You may be asking yourself, “Just what is the NETT and why would I ride such a thing.” Good question. Let me shed a little light for you. The Northeast Texas Trail (NETT) is a rail-to-trail program that is working to develop a trail system through 19 cities from Farmersville to New Boston. This 130 mile stretch of abandoned railroad tracks is slowly but surely being converted in to a trail system where the potential for eco-tourism is tremendous. Cyclists, hikers and equestrians are taking to the trail and enjoying all it has to offer. This trail has been under development for over 10 years and the status of the trail is in various stages from; concrete, to asphalt, to granite, to rail bed, to completely overgrown. Some sections are currently impassable due to growth or adjacent landowner disputes; however, the current motto is “Use It into Completion” thus enters Spinistry and Cadence Cyclery.
On Saturday, November the 2nd of 2013 the NETT encountered it biggest event since its inception and Spinistry along with Cadence Cyclery, co-lead Ride the NETT. This one day event would allow cyclist to travel the NETT to various destination and back. Allow me to introduce you to each of these leaders of Ride the NETT.
Spinistry’s director, 48 year old Kevin Lee of Roanoke Texas, got into cycling in 2003 as part of an exercise routine because; he said, “I was very overweight. I was living the cubicle farm existence and had become very sedentary. A combination of diet and exercise helped me drop 60 pounds over the course of a year.” He told me why he started Spinistry. “Initially formed in 2009, as an idea for a cycling oriented website; kind of like Facebook for cycling, but we weren’t really sure what it would evolve into. I was big into riding dirt roads and wanted to show other people how enjoyable that type of riding was. We put on our first Red River Riot in January, 2010. It was more successful than we expected and we shifted our focus to the rides from that weekend on.”
When asked, why he chose the NETT for this fall ride, he replied. “I’ve personally been interested in the NETT since I first heard about it 6 years ago. Conceptually it’s really the type of long distance riding I enjoy most. Solid information about conditions, access, etc. was difficult to come by. People would touch base with me on the idea of hosting a ride, so I’d check the latest news and the timing never seemed right. This time it looked like enough pieces were established to make an event viable. It’s been a wonderful experience. It’s combined so many aspects of the things I love about the outdoors and cycling communities. I’m exploring trails new to me, working side by side with a wide range of people who are very passionate about the NETT and seeing corners of Texas I’d have never been able to experience without this event.”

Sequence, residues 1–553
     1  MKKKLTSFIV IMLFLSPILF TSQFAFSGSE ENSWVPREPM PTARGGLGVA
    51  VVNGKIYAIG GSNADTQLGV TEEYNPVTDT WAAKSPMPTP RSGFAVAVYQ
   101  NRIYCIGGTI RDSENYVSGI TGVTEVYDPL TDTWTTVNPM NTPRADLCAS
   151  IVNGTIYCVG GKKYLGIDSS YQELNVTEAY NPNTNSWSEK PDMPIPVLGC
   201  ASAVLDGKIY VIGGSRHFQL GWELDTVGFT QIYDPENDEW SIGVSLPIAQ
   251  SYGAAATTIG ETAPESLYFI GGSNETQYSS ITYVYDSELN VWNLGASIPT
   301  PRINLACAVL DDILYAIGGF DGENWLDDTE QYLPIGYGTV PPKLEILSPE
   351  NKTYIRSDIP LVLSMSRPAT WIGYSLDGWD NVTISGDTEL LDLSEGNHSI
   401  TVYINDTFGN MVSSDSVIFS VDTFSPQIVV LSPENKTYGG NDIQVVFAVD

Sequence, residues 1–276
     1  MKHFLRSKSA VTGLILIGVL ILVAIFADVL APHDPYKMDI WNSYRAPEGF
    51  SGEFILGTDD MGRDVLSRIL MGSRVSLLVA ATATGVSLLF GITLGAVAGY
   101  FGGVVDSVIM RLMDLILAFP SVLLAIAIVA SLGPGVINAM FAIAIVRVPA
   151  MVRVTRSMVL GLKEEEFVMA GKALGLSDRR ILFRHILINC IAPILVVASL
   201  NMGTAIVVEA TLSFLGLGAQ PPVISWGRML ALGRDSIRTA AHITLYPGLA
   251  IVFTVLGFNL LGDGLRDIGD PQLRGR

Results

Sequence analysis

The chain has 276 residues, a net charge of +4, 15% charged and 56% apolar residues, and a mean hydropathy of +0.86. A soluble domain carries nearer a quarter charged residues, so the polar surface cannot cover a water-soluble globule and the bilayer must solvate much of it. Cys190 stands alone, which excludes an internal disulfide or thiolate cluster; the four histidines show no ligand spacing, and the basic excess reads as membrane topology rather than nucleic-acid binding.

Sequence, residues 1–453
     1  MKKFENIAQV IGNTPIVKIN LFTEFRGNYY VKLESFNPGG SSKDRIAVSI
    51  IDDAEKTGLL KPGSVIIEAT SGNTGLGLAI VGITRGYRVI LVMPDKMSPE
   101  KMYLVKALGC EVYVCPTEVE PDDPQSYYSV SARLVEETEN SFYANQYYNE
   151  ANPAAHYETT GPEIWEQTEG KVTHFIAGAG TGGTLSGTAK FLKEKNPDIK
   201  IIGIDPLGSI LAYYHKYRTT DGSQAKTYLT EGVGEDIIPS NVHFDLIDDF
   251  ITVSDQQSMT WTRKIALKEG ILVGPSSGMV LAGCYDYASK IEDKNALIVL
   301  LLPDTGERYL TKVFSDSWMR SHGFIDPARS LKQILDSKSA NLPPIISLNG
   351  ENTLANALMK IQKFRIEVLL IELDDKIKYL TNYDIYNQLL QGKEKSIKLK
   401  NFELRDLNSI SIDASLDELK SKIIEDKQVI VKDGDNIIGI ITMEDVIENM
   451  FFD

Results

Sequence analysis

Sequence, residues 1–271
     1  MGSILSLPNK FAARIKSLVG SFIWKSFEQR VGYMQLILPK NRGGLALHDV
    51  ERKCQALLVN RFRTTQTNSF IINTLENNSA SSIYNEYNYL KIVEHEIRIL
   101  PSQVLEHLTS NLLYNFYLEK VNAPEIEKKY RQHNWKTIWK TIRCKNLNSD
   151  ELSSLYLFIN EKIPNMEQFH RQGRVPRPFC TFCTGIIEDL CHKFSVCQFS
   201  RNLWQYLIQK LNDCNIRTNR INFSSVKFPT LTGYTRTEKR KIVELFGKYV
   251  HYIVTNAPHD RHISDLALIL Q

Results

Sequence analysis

When I asked Chris Lorance, co-owner of Cadence Cyclery in McKinney (new location now open in Lewisville), How did you guys get involve with The Spinistry for this event? He replied, “Spinistry has been doing an amazing job of promoting adventure style bike rides for a few years. They have done a great job creating these amazing cycling experiences for people that don’t fit into the normal race/rally/road/mountain categories. I felt that these sorts of experiences would be a perfect match to the North East Texas Trail so I approached Spinistry’s about it. We began brainstorming ideas of what the first Spinistry/NETT ride would look like.”
As co-host what was your role in Ride the NETT? “We helped with connecting the right people, brainstorming, working with vendors, marketing, gathering volunteers and then mechanical support on the day of the ride”. Chris then humbly added, “However, it should be noted that whatever support that we offered was only a tiny fraction of the work that Spinistry put into the ride.” (Side Note: Chris recorded the start of the ride, click here for feed)
Lastly, I asked Chris why did you choose the NETT as a focus trail for Cadence to put sponsorship behind? With delight he said, “The Northeast Texas Trail is the future of cycling. To understand what the NETT can do, read up on the Katy Trail in Missouri and what it means to the surrounding communities and people involved.” Chris took a moment to express appreciation, “I would like to thank everyone that has spent their free time improving the trail. You all are what make a community strong!”
To Ride the NETT, one must have a sense of adventure and love the great outdoors. 230 mountain and cross bike cyclists came from all over the metroplex to Farmersville to start their journey north on the NETT. The excitement was thick as most of the rider had never been on the trail and many had heard enormous hype.